While our group experienced ups and downs we continued to be exposed to numerous speakers and classes that contributed to our expanding knowledge of Mexico.
One especially interesting trip took place on Tuesday when our Social Policy class went to theCongreso de Morelos (Morelos Congress). We first toured the building which is located near the Zocalo (main plaza) in central Cuernavaca. The building itself was formally a theater but it is now adorned with murals and statues of historical figures such as Emiliano Zapata and José María Morelos (for whom the state of Morelos was named). During the tour we received a brief history of these Mexican revolutionaries which was a nice refresher from our history classes at CGE.
Our Am. Welfare Policy Class in front of two Mexican flags at the Morelos Congress
After the tour we settled in the senate chamber where we heard from numerous speakers on topics such as education and labor.
The first woman we heard from was a member of the PRI party (Institutional Revolutionary Party) and sits on the education committee. She spoke to us about her desire to create a totally free system of education in Mexico as well as her hope of adequately representing her municipality. While our group thought her devotion to fair representation was noble, there was some speculation that her view of the indigenous population was not conducive to sufficient representation.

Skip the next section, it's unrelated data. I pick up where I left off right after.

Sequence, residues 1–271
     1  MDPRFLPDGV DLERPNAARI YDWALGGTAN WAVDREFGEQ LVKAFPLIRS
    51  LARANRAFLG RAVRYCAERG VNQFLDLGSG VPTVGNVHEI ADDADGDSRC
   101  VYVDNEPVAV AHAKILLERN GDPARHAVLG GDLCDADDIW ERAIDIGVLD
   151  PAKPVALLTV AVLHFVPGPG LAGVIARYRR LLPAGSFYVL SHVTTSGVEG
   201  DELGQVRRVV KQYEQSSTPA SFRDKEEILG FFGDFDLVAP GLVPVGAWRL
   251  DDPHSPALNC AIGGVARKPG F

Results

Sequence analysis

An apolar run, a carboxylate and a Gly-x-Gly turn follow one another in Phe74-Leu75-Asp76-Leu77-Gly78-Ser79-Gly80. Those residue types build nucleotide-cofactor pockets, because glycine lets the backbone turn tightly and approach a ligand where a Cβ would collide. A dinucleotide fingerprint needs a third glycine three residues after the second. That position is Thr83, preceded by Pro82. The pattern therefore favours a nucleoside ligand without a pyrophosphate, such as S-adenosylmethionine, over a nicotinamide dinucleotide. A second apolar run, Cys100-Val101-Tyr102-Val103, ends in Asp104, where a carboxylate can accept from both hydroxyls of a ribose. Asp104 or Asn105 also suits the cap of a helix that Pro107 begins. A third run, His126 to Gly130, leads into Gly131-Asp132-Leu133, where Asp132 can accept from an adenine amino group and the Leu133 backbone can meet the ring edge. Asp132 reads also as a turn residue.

We also had the chance to talk about labor practices in Mexico. It was enlightening to hear from the President of the Commission on Work. It seemed that the main point he wished for us to remember was the importance that must be placed on the work of the individual. While our class was impressed by many of the labor laws in place in Mexico (such as the length of maternity leave), many of us expressed concern on the degree to which such practices are enforced.
Overall our trip to the Congreso de Morelos opened our eyes yet again to policy and practice in Mexico. We appreciated the chance to hear first hand accounts of how policy is shaped and enforced specifically in our state of Morelos.
Is skepticism of policy enforcement a universal phenomenon?